Phillies, Flyers Court Fans Who Couldn’t Care Less About the Phillies or Flyers

By Mitch Nathanson, Historical Columnist 

Seeking to capitalize on the growing number of fans not in any way interested in actually watching professional sports, executives of both the Phillies and Flyers have recently undertaken bold initiatives to tap into this burgeoning market.

“We recognize that along with those fans who actively dislike our club and boo vociferously,” an unnamed Phillies executive said recently⃰ who requested anonymity lest he be relieved of his duties for stating the obvious, “there exists a larger demographic that actually prefers not engaging with us at all.”  The Phillies are one of a growing number of MLB clubs seeking to engage these non-engagers by providing a game-day experience designed to enable them to completely forget the fact that they’re not only at a major league stadium but in fact paid good money to be there.  “We try to do whatever we can to make an evening with us feel like an evening without us.  If we’ve done our job, the only time a fan realizes he’s at a Phillies game is when he is swiping his debit card.” 

Just this past season the Phillies added Pass and Stow, a beer garden along the third base line of Citizens Bank Park, complete with picnic tables, fire pits, and a brick-oven pizzeria that has proven to be enormously popular with the non-engaged.  Its greatest attraction by far, though, is the fact that nowhere within the designated area can one see the playing field.  Kevin Murphy of EwingCole, the firm that designed Pass and Stow along with many of the recent non-engaged-themed renovations, remarked that the area has "the backyard kind of feel" and indeed it has.  “At home with my friends,” one fan remarked, “I like to hang out, eat pizza, have a few, and not talk about baseball.  At Pass and Stow I can do all of that even though there’s baseball within a hundred yards of me.  Amazingly and thankfully, I almost never realize it.” 

Just inside the third base gate the Phillies added a 120-seat Shake Shack.  Thanks to the foresight and architectural wizardry of EwingCole, not a single seat distracts diners with a sight line to the field.  Like Pass and Stow, it has proven to be an enormous favorite with the non-engaged, with many of them commenting that they particularly enjoy the surcharge that accompanies every order, as entry into the ballpark is required before one is entitled to stand in the venerable Shake Shack line.  “I like spending money on professional baseball but I don’t like watching it,” one fan observed when interviewed for this article.  “The Shake Shack experience gives me that opportunity and I appreciate that.”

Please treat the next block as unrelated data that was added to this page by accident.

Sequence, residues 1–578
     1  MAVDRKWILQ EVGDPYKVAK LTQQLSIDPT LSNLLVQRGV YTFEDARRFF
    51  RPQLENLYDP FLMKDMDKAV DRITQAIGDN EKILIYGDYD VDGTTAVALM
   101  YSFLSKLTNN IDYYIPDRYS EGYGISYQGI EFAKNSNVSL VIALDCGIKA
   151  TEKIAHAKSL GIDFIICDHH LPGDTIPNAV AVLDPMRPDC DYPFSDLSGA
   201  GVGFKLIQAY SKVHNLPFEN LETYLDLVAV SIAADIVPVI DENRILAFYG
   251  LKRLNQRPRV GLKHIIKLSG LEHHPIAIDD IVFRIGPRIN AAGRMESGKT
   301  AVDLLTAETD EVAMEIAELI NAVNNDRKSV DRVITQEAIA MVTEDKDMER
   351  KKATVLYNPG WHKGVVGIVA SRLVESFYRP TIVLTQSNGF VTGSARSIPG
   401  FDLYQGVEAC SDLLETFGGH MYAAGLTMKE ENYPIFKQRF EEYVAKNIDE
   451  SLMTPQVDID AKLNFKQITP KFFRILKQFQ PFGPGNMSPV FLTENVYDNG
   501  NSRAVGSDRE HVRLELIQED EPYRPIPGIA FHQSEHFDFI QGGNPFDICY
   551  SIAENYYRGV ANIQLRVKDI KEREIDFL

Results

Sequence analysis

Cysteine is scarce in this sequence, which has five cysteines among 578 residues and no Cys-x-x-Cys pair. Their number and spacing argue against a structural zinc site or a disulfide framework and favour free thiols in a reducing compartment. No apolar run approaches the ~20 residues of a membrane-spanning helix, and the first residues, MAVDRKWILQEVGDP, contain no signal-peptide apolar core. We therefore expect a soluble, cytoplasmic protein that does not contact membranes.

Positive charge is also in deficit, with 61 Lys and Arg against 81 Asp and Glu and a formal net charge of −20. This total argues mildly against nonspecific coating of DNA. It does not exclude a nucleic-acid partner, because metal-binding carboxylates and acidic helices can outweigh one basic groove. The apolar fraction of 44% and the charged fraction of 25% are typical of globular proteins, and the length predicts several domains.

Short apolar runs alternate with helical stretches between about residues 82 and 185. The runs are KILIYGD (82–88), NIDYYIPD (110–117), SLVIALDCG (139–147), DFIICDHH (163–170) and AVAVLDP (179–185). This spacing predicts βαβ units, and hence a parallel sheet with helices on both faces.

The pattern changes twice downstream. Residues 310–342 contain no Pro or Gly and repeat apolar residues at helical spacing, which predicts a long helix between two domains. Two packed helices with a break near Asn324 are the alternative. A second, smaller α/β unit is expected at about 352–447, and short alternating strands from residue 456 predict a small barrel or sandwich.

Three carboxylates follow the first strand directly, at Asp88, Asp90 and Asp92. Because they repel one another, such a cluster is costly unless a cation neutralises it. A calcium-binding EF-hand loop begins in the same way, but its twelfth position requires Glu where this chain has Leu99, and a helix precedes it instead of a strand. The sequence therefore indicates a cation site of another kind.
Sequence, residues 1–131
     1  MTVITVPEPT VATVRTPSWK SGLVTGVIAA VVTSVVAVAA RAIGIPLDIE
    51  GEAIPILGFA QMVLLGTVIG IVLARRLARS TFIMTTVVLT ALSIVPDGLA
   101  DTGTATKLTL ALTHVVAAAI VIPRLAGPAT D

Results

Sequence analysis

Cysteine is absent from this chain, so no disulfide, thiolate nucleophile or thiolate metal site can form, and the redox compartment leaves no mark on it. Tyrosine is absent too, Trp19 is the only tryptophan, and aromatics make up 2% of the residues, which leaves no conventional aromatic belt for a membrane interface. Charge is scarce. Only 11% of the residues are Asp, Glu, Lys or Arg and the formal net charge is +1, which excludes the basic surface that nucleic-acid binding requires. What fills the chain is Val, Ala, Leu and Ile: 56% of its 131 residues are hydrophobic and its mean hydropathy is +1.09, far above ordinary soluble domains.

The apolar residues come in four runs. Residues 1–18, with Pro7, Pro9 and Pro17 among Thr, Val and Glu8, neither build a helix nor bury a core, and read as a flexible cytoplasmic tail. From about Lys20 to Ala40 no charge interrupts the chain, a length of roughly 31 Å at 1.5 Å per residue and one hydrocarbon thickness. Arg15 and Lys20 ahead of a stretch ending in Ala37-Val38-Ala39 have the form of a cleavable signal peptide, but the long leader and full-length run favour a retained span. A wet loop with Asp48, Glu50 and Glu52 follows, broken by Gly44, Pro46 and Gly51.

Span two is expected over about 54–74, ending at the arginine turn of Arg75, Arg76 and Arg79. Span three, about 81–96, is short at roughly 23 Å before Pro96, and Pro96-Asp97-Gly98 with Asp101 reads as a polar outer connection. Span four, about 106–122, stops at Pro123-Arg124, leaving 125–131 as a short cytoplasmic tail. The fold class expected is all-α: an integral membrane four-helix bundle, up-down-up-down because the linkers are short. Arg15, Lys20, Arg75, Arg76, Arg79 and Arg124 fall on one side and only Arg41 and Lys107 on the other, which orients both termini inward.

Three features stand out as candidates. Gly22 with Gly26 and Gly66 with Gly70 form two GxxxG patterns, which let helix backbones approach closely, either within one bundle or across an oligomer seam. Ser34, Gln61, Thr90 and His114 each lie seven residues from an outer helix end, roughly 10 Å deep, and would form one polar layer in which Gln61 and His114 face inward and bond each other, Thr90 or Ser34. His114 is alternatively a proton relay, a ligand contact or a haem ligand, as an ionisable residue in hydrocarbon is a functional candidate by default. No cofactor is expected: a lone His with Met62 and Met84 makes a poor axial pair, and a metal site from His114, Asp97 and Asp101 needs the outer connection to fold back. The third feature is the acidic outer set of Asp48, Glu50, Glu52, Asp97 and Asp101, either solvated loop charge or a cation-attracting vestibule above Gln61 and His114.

The Flyers, as well, are hoping to tap the non-engaged market with the opening this season of their 23,000-foot “Assembly Room” where, for $25, non-engaged fans are permitted entry into the Wells Fargo Center so as to purchase food, drinks and souvenirs while the Flyers play several stories below.  The Assembly Room comes equipped with the amenities one might find, according to a recent Inquirer article, in “an upscale living room,” such as leather couches and fireplaces, all of which facilitate activities that have little to nothing to do with NHL hockey.  A group of four friends accustomed to not watching hockey at home can now pay $100 for the privilege of doing the same achingly close to hockey itself.  “It’s interesting,” a Flyers executive remarked,⃰ “people seem to enjoy being in the physical proximity of sports more than they enjoy actually watching them.  We were as astonished as anybody to learn that.  Now that we have, we’re doing all we can to put as many people as we can in close-enough proximity to our club where they’ll actually pay us to not watch it.” 

Not content to limit the non-engaged experience to the vicinity of the sports complex, both the Phillies and Flyers have begun preliminary studies focusing on how to capitalize on the hundreds of thousands of people who don’t care about them every day but who nonetheless don’t ante up for the privilege.  “We don’t see why people in, say, Center City, who don’t want to watch baseball shouldn’t have to pay us given the thousands who come to Citizens Bank Park and do just that,” said the Phillies official.⃰  “It’s not fair to the non-engaged fan down here shelling out hard-earned cash  for the benefit of ignoring us to have so many people throughout the Delaware Valley similarly not caring but not paying the same premium.” 

Both the Phillies and Flyers are exploring the possibility of charging a fee whenever people – fans or otherwise — are not thinking about or watching their clubs.  Said the Flyers official: “If what we’ve seen in the sports complex is any guide, paying the Phillies or Flyers a few bucks seems to enhance people’s experience, whatever it is they’re otherwise doing – eating, drinking, socializing with friends, or even taking a stroll through Rittenhouse Square.  Not caring about us is an honor people who live elsewhere don’t get to experience and I think our non-engaged fans realize that.”⃰   

As for the future of the non-engaged fan experience, the possibilities seem endless.  “Just the other day MLB eliminated 42 minor league baseball clubs, killing professional baseball in cities and towns across America” the Phillies executive added breathlessly.⃰  “Interest in our sport just has to take a nosedive after a move like that and I’m hopeful some of that filters down to us.  We’re confident that this is merely the beginning of the non-fan era.  The coming years are going to be dominated by the fan who just doesn’t care.  It’s an exploding demographic and we’re going to be ready for them when they get here.  So long as they have their debit cards handy.”

⃰ not really

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